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Posted by Erica Driver on February 27, 2007
by Erica Driver.
I just got off the phone with a small software startup called Get Back Software. For $3/team member/month, a department head can use Get Back’s product, called Postware, to put a cap on the number of emails that people in their group can send. The thinking behind this new software as a service is that email has turned from a productivity-enhancing tool into a productivity sinkhole, and that by giving workers a limited “email allowance” you can change their behavior—you can get them to think twice before cc:ing their boss or replying to all, or inviting a colleague to lunch via email rather than by walking down the hall or picking up the phone. I agree with the core premise here—that the productivity benefits of tools like email (and instant messaging and mobile devices) go down when the volume of communications hits a critical mass and when workers have no control over the volume and frequency of interruptions to their work.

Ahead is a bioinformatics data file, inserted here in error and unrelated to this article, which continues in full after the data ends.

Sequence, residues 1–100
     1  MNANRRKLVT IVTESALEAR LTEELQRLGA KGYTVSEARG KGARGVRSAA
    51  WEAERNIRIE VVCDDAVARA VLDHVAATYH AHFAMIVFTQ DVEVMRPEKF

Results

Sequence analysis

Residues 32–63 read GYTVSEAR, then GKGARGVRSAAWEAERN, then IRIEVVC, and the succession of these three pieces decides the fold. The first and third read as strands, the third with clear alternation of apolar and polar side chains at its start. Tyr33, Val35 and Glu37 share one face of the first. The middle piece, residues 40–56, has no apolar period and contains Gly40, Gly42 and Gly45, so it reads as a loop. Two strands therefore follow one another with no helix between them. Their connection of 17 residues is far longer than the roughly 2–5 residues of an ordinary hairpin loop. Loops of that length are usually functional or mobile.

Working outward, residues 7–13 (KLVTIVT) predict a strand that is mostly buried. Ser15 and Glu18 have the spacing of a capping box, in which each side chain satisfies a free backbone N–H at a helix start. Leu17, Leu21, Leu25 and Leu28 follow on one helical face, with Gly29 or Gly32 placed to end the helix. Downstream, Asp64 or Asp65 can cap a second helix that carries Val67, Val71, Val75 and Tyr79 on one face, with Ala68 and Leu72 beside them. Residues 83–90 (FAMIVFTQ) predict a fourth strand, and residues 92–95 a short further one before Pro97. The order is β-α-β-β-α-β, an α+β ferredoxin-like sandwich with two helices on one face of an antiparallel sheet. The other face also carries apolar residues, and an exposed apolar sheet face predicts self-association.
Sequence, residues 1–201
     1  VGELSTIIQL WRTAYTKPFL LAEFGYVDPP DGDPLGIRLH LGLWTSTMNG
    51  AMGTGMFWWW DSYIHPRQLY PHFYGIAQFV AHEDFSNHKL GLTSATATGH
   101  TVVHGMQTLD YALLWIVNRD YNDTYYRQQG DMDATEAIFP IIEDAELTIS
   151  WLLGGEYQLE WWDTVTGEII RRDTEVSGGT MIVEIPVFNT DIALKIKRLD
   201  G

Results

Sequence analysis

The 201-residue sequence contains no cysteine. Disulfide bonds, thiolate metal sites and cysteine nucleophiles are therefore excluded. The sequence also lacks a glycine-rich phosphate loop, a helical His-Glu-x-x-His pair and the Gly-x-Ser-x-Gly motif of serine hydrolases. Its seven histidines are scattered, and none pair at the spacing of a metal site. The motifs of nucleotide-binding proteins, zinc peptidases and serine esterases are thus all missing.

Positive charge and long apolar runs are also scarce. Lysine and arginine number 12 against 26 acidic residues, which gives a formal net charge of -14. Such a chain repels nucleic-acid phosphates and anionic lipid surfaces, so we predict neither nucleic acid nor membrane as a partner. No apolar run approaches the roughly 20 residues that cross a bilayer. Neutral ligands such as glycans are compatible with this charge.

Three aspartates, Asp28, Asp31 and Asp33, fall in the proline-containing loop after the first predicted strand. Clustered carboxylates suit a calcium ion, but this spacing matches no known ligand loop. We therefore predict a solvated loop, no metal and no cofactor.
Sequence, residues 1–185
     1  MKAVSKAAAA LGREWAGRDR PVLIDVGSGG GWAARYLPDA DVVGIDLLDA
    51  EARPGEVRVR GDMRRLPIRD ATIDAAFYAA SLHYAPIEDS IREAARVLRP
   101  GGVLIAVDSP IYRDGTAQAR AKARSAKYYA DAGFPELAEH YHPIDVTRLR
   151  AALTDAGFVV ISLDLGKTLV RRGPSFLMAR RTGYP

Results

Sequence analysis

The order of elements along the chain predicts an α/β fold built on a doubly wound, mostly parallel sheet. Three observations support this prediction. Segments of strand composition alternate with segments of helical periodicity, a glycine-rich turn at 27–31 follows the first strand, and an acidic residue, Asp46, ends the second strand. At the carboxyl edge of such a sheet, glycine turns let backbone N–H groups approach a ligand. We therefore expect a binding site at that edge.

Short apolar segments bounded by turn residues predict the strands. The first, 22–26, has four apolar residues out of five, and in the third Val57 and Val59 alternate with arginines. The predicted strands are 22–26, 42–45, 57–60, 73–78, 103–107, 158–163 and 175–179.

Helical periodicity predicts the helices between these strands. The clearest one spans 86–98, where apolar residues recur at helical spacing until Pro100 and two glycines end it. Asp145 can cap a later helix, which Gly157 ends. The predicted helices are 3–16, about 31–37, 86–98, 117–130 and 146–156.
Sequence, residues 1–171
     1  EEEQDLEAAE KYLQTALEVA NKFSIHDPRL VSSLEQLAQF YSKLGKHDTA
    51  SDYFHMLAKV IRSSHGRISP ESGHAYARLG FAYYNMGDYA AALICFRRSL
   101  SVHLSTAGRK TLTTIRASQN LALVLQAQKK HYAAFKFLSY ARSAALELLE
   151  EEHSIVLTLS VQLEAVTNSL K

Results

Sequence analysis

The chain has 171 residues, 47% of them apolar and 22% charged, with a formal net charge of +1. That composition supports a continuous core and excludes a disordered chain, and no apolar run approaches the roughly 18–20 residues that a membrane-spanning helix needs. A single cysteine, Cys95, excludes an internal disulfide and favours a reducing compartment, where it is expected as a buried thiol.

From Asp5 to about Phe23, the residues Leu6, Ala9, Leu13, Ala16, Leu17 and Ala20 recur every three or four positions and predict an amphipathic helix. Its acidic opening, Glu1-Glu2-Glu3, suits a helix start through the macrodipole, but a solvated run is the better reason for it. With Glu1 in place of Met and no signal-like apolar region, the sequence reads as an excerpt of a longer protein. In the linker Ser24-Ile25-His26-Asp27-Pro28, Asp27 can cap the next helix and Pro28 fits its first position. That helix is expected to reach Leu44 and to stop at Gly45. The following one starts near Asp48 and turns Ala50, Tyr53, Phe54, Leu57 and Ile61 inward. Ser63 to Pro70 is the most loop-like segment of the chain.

But I’m not sure that putting yet another technical limitation on the ability of people to communicate in their desired way is the answer. After all, information workers already have technical limits imposed upon them in the form of mailbox quotas and attachment size limits. These limitations don’t encourage them to send less email; rather, people spend time cleaning out their mailboxes to make room for new mail, or emailing a sender or picking up the phone to find out why they haven’t received a presentation they were expecting (which was nabbed by the company’s content filtering tools because the file was too big). Workers will find ways to work around technical limits—such as through the use of instant messaging. Or maybe they’ll start using their Gmail or Hotmail accounts instead of work email accounts. In my view, restoring email back to its initial productivity-enhancing glory requires a multi-pronged approach: